The Federal Reserve is warning that the U.S. financial system remains vulnerable to threats stemming from the global pandemic, including the possibility of a sharp rise in global interest rates that could strain developing countries.
A worsening of the pandemic could stress the financial systems in emerging markets and some European countries, the Fed said in a report Thursday.
The risk of instability in those markets could interact with existing vulnerabilities at U.S financial institutions and “pose additional risks to the U.S. financial system,” the Fed said.
That finding was included in the Fed’s twice-a-year “Financial Stability Report.” The central bank has been publishing the report since 2018 in an effort to highlight and address potential threats to the U.S. financial system with the aim of preventing a repeat of the 2008 financial crisis.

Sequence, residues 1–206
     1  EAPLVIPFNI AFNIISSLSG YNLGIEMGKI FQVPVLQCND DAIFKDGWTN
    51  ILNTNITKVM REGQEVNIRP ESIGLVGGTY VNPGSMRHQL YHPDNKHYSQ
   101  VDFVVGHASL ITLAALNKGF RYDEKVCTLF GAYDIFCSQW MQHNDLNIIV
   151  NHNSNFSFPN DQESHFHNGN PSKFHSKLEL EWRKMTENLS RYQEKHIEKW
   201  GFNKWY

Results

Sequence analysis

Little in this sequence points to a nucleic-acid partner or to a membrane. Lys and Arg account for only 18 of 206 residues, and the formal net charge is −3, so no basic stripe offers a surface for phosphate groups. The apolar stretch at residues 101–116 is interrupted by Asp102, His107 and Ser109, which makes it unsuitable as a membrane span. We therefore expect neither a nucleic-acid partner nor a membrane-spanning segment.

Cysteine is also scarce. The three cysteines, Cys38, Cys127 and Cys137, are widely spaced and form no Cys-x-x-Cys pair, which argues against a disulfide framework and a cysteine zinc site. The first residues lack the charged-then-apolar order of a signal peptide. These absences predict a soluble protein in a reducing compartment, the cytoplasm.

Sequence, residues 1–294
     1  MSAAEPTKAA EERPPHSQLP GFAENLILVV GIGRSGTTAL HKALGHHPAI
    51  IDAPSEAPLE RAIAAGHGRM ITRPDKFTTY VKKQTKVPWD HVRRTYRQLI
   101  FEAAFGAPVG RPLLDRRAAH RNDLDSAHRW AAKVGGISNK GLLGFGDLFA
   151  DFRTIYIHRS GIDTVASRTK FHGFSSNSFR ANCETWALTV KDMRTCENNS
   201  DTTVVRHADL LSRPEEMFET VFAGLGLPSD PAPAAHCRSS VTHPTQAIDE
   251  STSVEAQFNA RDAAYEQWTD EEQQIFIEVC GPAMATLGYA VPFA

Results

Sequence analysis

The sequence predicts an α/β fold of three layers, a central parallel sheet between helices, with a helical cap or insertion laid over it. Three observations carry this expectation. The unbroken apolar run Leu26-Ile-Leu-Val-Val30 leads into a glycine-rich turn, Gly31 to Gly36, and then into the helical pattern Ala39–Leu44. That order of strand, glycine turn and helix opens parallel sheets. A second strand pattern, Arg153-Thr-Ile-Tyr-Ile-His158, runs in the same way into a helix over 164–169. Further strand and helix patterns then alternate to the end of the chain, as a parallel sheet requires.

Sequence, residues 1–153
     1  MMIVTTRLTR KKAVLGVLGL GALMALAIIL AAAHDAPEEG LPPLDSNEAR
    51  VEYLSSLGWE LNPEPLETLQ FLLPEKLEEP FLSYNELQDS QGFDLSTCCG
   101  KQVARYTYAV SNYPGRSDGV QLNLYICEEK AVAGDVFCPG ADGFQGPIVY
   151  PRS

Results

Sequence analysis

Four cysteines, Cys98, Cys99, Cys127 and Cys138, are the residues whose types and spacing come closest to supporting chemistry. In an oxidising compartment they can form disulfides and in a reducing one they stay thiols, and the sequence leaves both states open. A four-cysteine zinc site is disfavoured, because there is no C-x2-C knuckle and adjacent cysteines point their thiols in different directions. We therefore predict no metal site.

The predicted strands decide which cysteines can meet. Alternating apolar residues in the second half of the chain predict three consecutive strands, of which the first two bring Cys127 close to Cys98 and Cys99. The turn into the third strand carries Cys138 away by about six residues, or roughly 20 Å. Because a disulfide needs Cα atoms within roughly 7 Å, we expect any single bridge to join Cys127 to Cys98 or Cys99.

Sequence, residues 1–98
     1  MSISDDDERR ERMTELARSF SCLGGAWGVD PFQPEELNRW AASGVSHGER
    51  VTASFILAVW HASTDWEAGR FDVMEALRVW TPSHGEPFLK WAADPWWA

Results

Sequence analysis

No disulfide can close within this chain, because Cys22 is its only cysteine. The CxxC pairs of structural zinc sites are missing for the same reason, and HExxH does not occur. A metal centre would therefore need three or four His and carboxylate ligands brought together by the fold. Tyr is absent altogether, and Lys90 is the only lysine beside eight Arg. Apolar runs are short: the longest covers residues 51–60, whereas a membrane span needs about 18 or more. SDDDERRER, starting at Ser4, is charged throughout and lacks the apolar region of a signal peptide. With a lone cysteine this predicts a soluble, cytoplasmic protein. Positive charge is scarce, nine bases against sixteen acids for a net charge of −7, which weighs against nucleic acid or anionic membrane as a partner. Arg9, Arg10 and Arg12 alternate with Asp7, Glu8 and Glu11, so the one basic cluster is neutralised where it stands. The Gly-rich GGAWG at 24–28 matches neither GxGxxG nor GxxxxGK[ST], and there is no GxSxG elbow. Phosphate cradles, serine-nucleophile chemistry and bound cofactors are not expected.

Recent developments explored in the report include the March collapse of Archegos Capital Management, which generated more than $10 billion in losses at top global banks.
Fed board member Lael Brainard, who chairs the central bank’s financial stability committee, said in a statement that the failure of Archegos “highlights the potential for nonbank financial institutions such as hedge funds and other leveraged investors to generate large losses in the financial system.”
Brainard said the incident demonstrated the “limited visibility” regulators have into hedge-fund operations.
“The potential for material distress at hedge funds to affect broader financial conditions underscores the importance of more granular, higher-frequency disclosures,” Brainard said.